Harsh words for a delicate looking spring plant, but garlic mustard is no innocent. It's near the top of almost every list of invasive herbs in New England. The Divisions of Fisheries and Wildlife, Mass Audubon, The Nature Conservancy, the National Plant Conservation Alliance—all are sounding alarms on this plant, particularly now, when garlic mustard is easily identifiable and before it disperses its prolific seed arsenal.
Prolific and toxic
A single plant is capable of producing thousands of seeds, viable for more than five years. Because it can self-pollinate, it takes only one plant to wreak havoc on gardens, roadsides, and even woodlands, in just a few years.
As if garlic mustard's reproductive prowess isn't enough, the herb also produces allopathic chemicals—plant toxins—that destroy essential soil fungi that make nutrients available to most plants, including trees and shrubs. Garlic mustard's capacity to inhibit the growth of other plants, combined with its ability to grow in both sun and shade, allows it to colonize not just roadsides, but also woodland floors, where it displaces understory wild flowers like spring beauty, wild ginger, and trillium.
Deer don't like the plant and will eat more of the remaining plants the mustard is displacing, further hastening their demise. A variety of caterpillar is poisoned when it mistakes the invasive mustard for the noninvasive one it normally feeds on.
What to look for
A biennial, garlic mustard stays close to the ground its first year, forming a rosette of rounded leaves that are easy to mistake for other plants. The second year it takes off and up, creating tall, thin stems topped with tiny white flowers. The leaves become paler, more heart-shaped, and have distinctly serrated edges. When crushed, the leaves smell like garlic.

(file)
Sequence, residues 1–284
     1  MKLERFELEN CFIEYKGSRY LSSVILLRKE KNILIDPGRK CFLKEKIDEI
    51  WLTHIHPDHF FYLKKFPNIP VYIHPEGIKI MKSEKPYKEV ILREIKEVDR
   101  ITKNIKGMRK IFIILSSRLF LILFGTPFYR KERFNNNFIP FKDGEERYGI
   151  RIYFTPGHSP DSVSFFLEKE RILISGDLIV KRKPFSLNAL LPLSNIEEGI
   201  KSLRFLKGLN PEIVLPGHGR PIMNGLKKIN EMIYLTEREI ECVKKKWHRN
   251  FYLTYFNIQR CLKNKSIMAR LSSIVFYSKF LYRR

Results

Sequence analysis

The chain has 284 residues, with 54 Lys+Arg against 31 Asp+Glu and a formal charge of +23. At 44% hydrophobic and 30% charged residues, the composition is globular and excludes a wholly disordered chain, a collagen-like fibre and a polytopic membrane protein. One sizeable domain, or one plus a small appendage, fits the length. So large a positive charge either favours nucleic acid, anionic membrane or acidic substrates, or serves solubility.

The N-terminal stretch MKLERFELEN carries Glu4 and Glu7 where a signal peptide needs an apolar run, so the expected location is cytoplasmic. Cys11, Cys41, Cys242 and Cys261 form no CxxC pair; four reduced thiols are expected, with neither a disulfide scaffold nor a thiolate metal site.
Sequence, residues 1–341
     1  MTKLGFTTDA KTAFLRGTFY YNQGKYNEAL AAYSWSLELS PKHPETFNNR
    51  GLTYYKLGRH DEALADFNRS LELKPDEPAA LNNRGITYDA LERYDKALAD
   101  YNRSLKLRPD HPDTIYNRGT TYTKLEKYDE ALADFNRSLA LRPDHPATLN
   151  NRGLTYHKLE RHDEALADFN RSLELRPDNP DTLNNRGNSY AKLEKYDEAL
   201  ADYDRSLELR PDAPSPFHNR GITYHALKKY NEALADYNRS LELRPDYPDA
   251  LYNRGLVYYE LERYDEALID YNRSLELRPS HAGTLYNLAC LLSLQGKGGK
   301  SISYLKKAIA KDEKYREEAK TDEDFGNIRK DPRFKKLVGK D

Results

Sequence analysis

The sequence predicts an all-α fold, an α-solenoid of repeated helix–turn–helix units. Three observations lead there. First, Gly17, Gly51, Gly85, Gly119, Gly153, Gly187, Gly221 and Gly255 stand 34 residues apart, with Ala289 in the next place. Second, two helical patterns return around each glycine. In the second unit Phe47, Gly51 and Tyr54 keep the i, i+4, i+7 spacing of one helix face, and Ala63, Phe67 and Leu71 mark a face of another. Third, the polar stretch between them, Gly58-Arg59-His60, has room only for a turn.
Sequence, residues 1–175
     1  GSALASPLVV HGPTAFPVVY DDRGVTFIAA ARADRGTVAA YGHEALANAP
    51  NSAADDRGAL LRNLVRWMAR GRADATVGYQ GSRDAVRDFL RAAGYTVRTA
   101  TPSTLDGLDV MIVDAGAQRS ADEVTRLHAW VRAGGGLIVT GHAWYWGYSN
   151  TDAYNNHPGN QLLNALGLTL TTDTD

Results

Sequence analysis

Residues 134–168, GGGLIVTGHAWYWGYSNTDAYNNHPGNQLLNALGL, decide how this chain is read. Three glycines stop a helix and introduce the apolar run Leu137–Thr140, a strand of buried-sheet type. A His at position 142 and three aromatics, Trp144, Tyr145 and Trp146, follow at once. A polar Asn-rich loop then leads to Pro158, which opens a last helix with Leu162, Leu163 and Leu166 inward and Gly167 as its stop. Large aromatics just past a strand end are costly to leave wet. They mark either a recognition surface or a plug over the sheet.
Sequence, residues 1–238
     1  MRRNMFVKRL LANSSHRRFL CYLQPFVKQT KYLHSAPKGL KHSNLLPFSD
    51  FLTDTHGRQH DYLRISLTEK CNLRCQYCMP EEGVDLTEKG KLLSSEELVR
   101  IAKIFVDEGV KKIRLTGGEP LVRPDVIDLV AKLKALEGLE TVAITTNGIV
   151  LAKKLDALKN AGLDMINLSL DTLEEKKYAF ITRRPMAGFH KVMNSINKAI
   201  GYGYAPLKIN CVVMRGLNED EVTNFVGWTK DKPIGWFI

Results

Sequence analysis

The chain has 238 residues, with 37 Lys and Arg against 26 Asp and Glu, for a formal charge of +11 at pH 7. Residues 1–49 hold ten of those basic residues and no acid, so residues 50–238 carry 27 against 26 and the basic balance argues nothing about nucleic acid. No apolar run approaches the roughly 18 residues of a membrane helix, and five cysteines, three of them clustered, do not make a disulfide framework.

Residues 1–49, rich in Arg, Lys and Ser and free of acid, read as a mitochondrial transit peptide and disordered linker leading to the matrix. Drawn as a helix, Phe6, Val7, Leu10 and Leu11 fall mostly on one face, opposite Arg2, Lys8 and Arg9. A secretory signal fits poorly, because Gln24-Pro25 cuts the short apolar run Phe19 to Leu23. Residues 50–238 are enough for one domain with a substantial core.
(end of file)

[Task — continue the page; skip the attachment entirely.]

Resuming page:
Masses of these second-year plants were easily visible along roadsides in town earlier in the month. Now, the flowers are going by and the plants are devoting their energy to producing seeds in long, very thin pods on slender two- to three-foot stems.
Pull it and bag it
In its native Europe, garlic mustard has natural predators and the soil fungi there are immune to its toxic effect, but here, if it is to be checked, we humans will have to become the predator.
Getting rid of small patches of garlic mustard is easy. Just pull it up. The ease with which garlic mustard comes out, roots and all, makes it a satisfying weed to pull. But it shouldn't be left around where the seeds can mature. Mass Audubon recommends storing the pulled plants in a black plastic bag, which should be left in the sun for several weeks to destroy the seeds.
Or eat it
Rich in vitamins A and C, garlic mustard is thought to have arrived on Long Island in the 1860s for culinary use. According to Russ Cohen of the Massachusetts Department of Fish and Game, who is also a wild foods expert, the first-year leaves can be parboiled and eaten like spinach. To use second-year plants, Cohen recommends stir-frying the stems and flowers or adding them to soups. The young leaves can replace basil in pesto recipes and the roots used as a substitute for horseradish.